Other contributors to cutout animation include Terry Gilliam’s work in the British television series Monty Python’s Flying Circus. Gilliam, an expatriate American artist, cobbled together strange, surreal, and entertaining animated shorts for the series featuring drawings of his own and a large collection of Victorian illustrations and photographs animated together in the cutout approach. They were so offbeat and unusual that his animation became a signature part of the Flying Circus series.

Two-legged portrait of Teddy Roosevelt.

FIG 1.15 Two-legged portrait of Teddy Roosevelt.

In more recent history, several American television shows started out as cutout animation but evolved into computer-generated images that simulate the cutout approach. South Park, created by Trey Parker and Matt Stone, was first conceived in cutout animation but became too difficult to produce in volume using this technique. Many more pieces of animation for television and the Internet mimic the cutout look but use computer animation for efficiency, including Blue’s Clues, JibJab, and Angela Anaconda.

These examples of cutout animation primarily use flat illustrated or photographic elements but a downshooter can also manage to hold more dimensional objects like beads, candy, clay, sand, or any other object that can fit between the shooting surface and the mounted camera. An example of this approach is from the 1988 film CandyJam, directed by Americans Joan Gratz and Joanna Priestly. It features the work of animators from around the world and is themed around candy. Several of the animators animated candy on a glass surface in patterns and figurative forms. The wonderful mix between flat and dimensional styles helps make this rich in texture and style.

Sand on glass is another popular downshooting technique mastered by the American-born Caroline Leaf. Although Leaf was born and educated in the United States, she is associated with the National Film Board of Canada, where she produced numerous films over the 1970s and 1980s and into the twenty-first century. Sand is manipulated on a flat glass surface with the camera mounted directly above the glass. The lighting comes from below the glass and the sand blocks the light from the camera, leaving a silhouetted image. The thinner the layer of sand, the more light comes through, giving the image a feathered look. There are many variations on this technique, and Leaf employs them well.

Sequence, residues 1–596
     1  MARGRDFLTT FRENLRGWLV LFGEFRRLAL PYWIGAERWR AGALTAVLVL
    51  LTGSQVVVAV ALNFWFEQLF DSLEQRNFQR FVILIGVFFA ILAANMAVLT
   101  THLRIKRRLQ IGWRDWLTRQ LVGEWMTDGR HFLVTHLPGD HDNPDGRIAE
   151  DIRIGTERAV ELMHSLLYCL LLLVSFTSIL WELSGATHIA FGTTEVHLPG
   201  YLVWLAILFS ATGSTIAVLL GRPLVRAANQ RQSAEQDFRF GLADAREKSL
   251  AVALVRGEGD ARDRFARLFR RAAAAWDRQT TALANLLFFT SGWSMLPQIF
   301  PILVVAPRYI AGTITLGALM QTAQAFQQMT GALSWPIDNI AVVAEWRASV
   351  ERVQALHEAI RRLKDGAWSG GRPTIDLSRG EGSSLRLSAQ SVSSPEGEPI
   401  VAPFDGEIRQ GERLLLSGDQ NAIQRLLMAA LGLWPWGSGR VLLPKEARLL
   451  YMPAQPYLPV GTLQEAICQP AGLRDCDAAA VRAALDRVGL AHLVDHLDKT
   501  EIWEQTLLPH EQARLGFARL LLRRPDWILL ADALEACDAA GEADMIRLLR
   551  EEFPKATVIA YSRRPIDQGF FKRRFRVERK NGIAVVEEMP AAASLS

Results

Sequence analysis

A still from The Street, directed and animated by Caroline Leaf.

FIG 1.16 A still from The Street, directed and animated by Caroline Leaf.

We have only touched on a bit of the history and highlights of these alternative stop-motion techniques. Filmmakers have always been fascinated with the potential of creating images frame by frame to create illusions and fantasy. Although the majority of animation artists followed a more figurative and narrative approach to animation and stop motion in particular, many successful examples show less traditional, alternative uses of the medium in the nonfigurative areas. Today, artists are revisiting some of these older techniques and putting a new spin on them, with fresh ideas and technology. A real image captured by a camera has a unique and genuine appeal that is hard to deny. Computer imagery is full, fluid, and quite refined, but the imperfection and anomalies of the photographic expression of an object or person are what strikes us to the core.

The process of shooting photographic frame-by-frame films requires a certain skill set that is unique to these techniques. All the innovators mentioned in this topic have been groundbreakers. They had to take risks to experiment and use what they discovered in their process and expand on those discoveries. Many, like Dziga Vertov, were not so readily accepted in society, but their passion and drive to discover new means of expression in their filmmaking drove them forward in their frame-by-frame approaches. Pixilation, time-lapse photography, and downshooting are techniques that exemplify this approach, and we explore them in more depth in the following topics. The possibilities are expansive.